The Department for Communities and Local Government (DCLG) is running a campaign on Twitter to promote better commissioning of local government services.
Aimed at commissioners and decision-makers in the public sector, DCLG’s Big Society & Community Rights division is tweeting links to a series of case studies each day for 22 days showing good examples of service commissioning by local authorities.
“Significant improvements have already been delivered by commissioners in the public sector, yet there are still pressing challenges for more to be delivered with reduced funding,” said Christopher Leigh of DCLG’s Mobilisation Team.
“Commissioners asked for examples of the latest thinking and where new models have been trialled so that best practice is shared widely, pitfalls are avoided, and the wheel is not continually reinvented”, Leigh told Local Digital.
The examples demonstrate a wide range of projects at local authority and neighbourhood level, across services ranging from public health, youth services, adult social care, preventing re-offending, domestic violence, transferring assets into community ownership and early intervention for families with complex needs.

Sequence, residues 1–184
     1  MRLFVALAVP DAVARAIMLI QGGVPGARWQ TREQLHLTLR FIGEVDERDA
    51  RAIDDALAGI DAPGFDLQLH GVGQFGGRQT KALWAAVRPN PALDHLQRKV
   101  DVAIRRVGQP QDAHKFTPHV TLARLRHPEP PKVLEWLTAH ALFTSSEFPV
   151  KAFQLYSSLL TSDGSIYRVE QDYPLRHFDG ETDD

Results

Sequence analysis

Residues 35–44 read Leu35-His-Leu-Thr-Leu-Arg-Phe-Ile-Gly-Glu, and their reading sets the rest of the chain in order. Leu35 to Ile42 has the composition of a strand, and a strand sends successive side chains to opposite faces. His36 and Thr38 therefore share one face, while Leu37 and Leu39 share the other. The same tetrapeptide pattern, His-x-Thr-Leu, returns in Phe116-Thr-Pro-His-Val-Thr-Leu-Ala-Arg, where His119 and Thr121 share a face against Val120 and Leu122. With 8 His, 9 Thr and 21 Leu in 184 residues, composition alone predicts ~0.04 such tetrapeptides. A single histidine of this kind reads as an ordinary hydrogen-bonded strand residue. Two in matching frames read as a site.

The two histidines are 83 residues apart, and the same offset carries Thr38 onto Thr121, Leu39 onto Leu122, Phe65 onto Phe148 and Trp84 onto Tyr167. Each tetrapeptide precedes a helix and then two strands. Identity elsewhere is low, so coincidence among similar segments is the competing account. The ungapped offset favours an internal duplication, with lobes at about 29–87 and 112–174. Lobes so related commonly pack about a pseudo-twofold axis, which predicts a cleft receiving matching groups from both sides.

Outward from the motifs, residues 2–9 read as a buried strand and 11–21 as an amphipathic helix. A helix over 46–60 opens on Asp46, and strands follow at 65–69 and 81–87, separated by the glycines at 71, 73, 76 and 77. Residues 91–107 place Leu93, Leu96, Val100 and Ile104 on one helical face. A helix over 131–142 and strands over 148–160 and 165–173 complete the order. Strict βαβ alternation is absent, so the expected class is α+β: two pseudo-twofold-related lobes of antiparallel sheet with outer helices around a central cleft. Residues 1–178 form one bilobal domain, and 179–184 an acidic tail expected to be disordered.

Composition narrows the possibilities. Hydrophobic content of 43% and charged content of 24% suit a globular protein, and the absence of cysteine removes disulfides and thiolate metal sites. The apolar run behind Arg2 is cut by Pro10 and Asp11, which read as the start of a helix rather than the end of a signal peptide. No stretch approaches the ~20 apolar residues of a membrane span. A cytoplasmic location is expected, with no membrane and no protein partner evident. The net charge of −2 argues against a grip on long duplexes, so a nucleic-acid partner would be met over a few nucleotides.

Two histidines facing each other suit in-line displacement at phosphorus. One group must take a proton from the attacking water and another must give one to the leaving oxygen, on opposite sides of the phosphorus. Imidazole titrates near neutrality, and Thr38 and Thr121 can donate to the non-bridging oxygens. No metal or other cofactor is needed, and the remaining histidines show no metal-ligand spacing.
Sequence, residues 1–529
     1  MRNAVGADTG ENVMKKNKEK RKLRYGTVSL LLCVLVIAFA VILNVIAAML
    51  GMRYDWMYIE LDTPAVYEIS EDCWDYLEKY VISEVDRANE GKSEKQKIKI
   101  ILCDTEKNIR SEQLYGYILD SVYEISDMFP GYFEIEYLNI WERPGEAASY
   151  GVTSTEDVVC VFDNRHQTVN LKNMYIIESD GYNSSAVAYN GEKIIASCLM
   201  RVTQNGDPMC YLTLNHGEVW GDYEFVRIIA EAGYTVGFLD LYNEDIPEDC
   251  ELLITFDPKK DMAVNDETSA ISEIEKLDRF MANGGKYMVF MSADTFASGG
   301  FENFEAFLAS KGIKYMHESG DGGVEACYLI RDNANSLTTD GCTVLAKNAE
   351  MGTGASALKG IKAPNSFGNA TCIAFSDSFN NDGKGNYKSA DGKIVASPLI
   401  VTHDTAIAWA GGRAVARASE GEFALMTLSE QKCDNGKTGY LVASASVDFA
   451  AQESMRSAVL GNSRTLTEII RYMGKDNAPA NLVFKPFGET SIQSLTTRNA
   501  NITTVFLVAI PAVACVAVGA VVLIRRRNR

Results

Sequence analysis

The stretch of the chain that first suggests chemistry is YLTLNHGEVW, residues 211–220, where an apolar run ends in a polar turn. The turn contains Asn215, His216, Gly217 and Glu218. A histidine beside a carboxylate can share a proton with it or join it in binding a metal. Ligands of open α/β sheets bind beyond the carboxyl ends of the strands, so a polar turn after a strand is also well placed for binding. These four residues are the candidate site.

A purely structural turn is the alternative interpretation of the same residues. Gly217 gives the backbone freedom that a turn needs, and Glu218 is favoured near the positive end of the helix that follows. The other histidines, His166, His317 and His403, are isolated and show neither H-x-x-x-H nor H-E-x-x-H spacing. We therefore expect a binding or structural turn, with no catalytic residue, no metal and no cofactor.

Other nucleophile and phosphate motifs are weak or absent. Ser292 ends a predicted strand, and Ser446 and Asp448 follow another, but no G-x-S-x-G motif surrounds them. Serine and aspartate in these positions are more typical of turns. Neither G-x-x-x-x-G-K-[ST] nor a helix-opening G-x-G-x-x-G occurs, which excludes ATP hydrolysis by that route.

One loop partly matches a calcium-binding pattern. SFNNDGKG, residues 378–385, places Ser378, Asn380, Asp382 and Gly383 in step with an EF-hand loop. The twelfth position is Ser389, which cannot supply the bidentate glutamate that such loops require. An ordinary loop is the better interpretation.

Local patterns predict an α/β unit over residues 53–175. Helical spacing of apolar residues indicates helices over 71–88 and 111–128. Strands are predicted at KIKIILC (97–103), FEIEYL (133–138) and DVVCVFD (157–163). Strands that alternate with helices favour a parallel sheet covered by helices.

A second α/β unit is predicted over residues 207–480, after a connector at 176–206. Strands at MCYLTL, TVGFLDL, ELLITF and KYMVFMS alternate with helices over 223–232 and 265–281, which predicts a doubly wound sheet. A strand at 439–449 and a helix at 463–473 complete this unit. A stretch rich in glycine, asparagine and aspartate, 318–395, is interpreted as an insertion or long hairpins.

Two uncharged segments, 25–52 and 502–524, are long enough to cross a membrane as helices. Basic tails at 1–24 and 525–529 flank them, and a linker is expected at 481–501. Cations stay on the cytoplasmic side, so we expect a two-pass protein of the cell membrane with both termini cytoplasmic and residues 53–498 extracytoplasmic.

The case studies – put together by DCLG partner the Public Service Transformation Network (PSTN) – provide lessons learned, project contact details, the commissioning model used, information about partners and what made the project a success. “Together they form a powerful narrative and resource for what is possible, without being shy of what still remains to be done”, says the PSTN website.
The campaign kicked off with a tweet of an infographic emblazoned with the slogan: ‘better commissioning = better value for money = better outcomes’. Other tweets so far have linked to case studies on unemployment, social care, mental health and public health put together by the PSTN
PSTN is a multi-agency network that supports public service transformation using a ‘whole place’ approach. It helps local public sector partners remodel services around the needs of people, not organisations.
DCLG’s Big Society & Community Rights division works with the PSTN to share evidence of how designing and delivering services in partnership with local people and organisations can deliver better outcomes for less. Their emphasis is on neighbourhood services.
Leigh and his team chose Twitter “to complement other communications activity and increase the number of chances to view”. To follow the campaign, search for the hashtag #bettercommissioning.